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About Nathaniel Wallich

Discover Wallich’s fascinating life story and why he is considered such a major figure in the history and development of Indian botany.
Pastel portrait of Nathaniel Wallich


Early years and imprisonment

Wallich undertook a medical degree and graduated MD in his native city, Copenhagen, in 1806 but also studied botany at the university alongside Martin Vahl. 

He was appointed surgeon to the Danish factory at Serampore, near Calcutta, in 1807. However, the settlement was annexed by the East India Company as a result of the Danish alliance with Napoleonic France in 1808 and Wallich became a prisoner of war.

Royal Botanic Garden, Calcutta

William Roxburgh, the Superintendent of the Royal Botanic Garden, Calcutta, requested that Wallich be allowed to enter the company’s service on the merit of his scholarship, and in March 1809 he began employment as Roxburgh’s assistant. Wallich became Superintendent of the Garden in 1815, leaving in 1816 and then returning in 1817. Wallich served in this post until 1846 when he finally left India. Shortly before taking on the role of Superintendent in 1815, Wallich proposed the formation of the Indian Museum in Calcutta, to which he offered his services and items from his own collection. Wallich took charge of the Museum in June 1814 and it flourished as a result of his guidance and contributions from private collectors. 

Love and death

Nathaniel Wallich was born Nathanael Wulff Wallich on 28 January 1785 in Copenhagen to merchant Købmand Wulff Lazarus Wallich (1756–1843) and his wife, Hanne, née Jacobson (1757–1839).

Wallich married Juliane Marie Hals (b. 1797), who was subsequently known as Mary Ann Wallich, on 30 May 1812, but she died just two months later.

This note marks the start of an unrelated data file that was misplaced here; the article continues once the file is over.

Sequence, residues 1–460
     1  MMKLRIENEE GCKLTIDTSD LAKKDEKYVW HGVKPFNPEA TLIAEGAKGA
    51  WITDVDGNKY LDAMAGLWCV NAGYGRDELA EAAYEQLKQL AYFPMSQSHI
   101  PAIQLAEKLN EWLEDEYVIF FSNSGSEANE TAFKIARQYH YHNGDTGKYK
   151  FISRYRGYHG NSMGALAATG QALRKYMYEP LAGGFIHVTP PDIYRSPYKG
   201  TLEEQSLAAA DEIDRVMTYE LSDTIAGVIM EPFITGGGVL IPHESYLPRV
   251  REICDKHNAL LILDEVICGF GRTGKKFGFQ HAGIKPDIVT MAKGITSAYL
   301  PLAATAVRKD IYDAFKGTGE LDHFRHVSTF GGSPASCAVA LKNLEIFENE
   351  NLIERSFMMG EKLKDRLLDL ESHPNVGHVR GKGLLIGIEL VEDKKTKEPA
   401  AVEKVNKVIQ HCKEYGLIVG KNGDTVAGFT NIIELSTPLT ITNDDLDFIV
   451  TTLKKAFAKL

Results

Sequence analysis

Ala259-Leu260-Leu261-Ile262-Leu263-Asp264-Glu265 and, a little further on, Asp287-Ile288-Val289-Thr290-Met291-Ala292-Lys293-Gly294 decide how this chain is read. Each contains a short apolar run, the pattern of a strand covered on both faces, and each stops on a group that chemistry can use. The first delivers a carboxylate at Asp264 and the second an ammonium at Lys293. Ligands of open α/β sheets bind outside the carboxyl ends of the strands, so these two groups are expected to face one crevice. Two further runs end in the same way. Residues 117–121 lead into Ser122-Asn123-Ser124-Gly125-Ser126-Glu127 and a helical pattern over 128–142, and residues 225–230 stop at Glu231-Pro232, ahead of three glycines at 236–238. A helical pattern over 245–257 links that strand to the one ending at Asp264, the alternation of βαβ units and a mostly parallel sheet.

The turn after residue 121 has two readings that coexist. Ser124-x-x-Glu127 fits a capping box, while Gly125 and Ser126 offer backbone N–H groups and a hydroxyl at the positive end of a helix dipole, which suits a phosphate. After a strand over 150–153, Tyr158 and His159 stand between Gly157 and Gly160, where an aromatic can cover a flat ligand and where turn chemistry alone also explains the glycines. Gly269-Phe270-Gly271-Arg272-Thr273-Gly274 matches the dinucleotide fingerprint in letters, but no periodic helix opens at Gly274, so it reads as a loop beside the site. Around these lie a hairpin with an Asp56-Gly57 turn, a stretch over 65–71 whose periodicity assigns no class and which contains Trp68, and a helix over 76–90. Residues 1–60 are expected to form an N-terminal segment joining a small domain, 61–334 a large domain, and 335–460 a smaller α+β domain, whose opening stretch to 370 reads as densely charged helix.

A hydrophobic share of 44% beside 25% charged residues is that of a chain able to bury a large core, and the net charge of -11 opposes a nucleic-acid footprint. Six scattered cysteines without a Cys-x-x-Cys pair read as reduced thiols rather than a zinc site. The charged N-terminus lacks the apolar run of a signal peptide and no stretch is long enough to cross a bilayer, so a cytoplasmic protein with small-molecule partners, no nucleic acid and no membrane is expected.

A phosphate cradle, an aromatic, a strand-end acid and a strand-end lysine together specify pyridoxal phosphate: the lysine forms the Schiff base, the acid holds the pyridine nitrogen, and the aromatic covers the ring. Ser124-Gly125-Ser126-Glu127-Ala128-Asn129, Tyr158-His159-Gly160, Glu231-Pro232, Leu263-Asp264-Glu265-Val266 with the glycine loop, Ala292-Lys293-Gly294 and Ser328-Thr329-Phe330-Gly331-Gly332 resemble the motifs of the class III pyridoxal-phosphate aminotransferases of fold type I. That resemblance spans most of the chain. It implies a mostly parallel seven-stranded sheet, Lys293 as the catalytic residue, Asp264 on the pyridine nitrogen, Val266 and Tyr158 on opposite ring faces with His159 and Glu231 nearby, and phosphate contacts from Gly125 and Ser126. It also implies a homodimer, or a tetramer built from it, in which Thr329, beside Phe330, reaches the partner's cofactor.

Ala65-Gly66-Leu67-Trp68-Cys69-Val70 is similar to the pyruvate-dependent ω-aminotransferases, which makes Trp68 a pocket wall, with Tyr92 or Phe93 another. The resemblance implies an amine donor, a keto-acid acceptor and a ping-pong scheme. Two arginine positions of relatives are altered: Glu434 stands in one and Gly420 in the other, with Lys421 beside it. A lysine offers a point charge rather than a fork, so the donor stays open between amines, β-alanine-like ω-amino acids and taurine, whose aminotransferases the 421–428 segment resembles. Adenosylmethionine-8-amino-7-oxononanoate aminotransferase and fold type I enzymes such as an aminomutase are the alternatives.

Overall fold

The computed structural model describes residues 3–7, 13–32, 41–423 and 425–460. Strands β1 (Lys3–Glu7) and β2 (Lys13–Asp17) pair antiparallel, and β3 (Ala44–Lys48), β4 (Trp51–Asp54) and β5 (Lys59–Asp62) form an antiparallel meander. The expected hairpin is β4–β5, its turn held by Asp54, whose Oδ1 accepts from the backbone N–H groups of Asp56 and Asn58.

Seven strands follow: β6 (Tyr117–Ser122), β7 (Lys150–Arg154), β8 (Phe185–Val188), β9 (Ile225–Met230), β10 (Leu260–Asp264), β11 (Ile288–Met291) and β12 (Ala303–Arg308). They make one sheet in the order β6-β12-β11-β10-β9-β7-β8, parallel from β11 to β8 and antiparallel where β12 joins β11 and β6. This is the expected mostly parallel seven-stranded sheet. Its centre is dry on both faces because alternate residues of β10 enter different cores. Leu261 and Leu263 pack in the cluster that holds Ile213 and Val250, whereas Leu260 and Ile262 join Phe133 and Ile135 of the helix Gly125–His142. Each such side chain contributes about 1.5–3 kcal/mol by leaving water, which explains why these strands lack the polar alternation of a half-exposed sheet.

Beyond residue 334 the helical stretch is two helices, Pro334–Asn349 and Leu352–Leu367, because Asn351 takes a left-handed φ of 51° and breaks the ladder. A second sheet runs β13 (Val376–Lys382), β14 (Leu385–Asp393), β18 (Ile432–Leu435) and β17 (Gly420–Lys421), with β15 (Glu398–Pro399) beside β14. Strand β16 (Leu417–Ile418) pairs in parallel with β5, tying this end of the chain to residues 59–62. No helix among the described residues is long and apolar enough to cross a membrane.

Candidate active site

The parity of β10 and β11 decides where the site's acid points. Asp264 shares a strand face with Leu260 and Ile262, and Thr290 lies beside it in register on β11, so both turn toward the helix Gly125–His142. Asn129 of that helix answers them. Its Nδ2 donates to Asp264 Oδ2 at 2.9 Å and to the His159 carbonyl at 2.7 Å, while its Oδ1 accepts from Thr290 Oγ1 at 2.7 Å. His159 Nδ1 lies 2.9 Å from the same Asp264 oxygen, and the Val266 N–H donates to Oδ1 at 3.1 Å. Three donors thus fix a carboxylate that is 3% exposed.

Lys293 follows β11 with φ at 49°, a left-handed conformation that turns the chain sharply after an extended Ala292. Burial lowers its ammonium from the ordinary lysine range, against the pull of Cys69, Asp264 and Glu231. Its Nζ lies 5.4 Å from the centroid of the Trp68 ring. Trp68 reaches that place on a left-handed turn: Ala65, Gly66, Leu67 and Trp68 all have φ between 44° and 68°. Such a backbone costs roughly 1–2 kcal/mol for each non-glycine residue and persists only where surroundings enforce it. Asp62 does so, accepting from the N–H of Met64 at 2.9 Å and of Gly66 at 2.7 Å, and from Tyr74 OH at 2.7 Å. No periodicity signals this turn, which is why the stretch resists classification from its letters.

In 1815 he married Sophia Collings. Together they had at least seven children, two of whom died in infancy. Their son, George Charles Wallich, was a distinguished oceanographer.

Wallich died at his home in London, on 28 April 1854 and was buried in Kensal Green cemetery. An obelisk was erected to his memory by the East India Company in the botanical garden at Calcutta.

The genus Wallichia, of the Palmae, and many species commemorate his name.

While at the botanic garden, Wallich made a name for himself through his enthusiasm for collecting and describing new plants, having them drawn and painted, and distributing specimens to the chief gardens and herbaria in Europe and North America. In 1820, in conjunction with William Carey, Wallich began the task of publishing Roxburgh’s extensive Flora Indica, to which he added many of his own findings. The second volume did not appear until 1824, largely due to an 18-month expedition Wallich made to Nepal, and subsequent illness and recuperation.

Wallich experienced a steady decline in his health throughout his life but he constantly remained a keen and active botanist. During a period of sick leave in Singapore in 1822, Wallich encountered the British statesman Stamford Raffles, whom he had first met when Raffles visited the garden at Calcutta, looking for a naturalist to join him in Sumatra. The two men pursued a number of botanical excursions while in Singapore and decided to found a botanical garden there for the study of local flora and cultivation of commercial crops. 

While in Nepal, Wallich sent a great many plants home to leading botanical figures such as Sir Joseph Banks. Wallich inspected the forests of western Hindustan in 1825, and in 1826 and 1827 he studied those of Ava and Lower Burma respectively.

1828 saw Wallich invalided to England, where he took with him some 8,000 specimens of plants, duplicates of which were widely distributed to both public and private collections. The best of these were presented to the Linnean Society. Between 1828 and 1832, Wallich published his most vital work, Plantae Asiaticae rariores, or, Descriptions and figures of a select number of unpublished East Indian plants, which spans three volumes.

All the tea in Assam